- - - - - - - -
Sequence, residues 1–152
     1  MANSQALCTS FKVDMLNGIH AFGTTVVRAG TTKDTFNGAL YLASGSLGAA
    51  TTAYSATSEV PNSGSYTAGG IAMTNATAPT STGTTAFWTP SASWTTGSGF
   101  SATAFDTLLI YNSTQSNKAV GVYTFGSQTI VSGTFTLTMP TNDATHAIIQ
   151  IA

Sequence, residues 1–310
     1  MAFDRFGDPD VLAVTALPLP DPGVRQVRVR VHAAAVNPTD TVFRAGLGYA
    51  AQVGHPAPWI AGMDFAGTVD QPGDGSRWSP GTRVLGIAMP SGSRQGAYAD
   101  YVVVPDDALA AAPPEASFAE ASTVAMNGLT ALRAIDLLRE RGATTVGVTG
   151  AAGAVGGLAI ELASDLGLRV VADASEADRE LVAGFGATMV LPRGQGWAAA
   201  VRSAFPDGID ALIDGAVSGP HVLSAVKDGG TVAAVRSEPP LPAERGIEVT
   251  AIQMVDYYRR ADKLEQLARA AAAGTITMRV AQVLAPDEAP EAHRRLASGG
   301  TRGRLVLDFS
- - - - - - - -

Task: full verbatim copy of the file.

Sequence, residues 1–152
     1  MANSQALCTS FKVDMLNGIH AFGTTVVRAG TTKDTFNGAL YLASGSLGAA
    51  TTAYSATSEV PNSGSYTAGG IAMTNATAPT STGTTAFWTP SASWTTGSGF
   101  SATAFDTLLI YNSTQSNKAV GVYTFGSQTI VSGTFTLTMP TNDATHAIIQ
   151  IA

Sequence, residues 1–310
     1  MAFDRFGDPD VLAVTALPLP DPGVRQVRVR VHAAAVNPTD TVFRAGLGYA
    51  AQVGHPAPWI AGMDFAGTVD QPGDGSRWSP GTRVLGIAMP SGSRQGAYAD
   101  YVVVPDDALA AAPPEASFAE ASTVAMNGLT ALRAIDLLRE RGATTVGVTG
   151  AAGAVGGLAI ELASDLGLRV VADASEADRE LVAGFGATMV LPRGQGWAAA
   201  VRSAFPDGID ALIDGAVSGP HVLSAVKDGG TVAAVRSEPP LPAERGIEVT
   251  AIQMVDYYRR ADKLEQLARA AAAGTITMRV AQVLAPDEAP EAHRRLASGG
   301  TRGRLVLDFS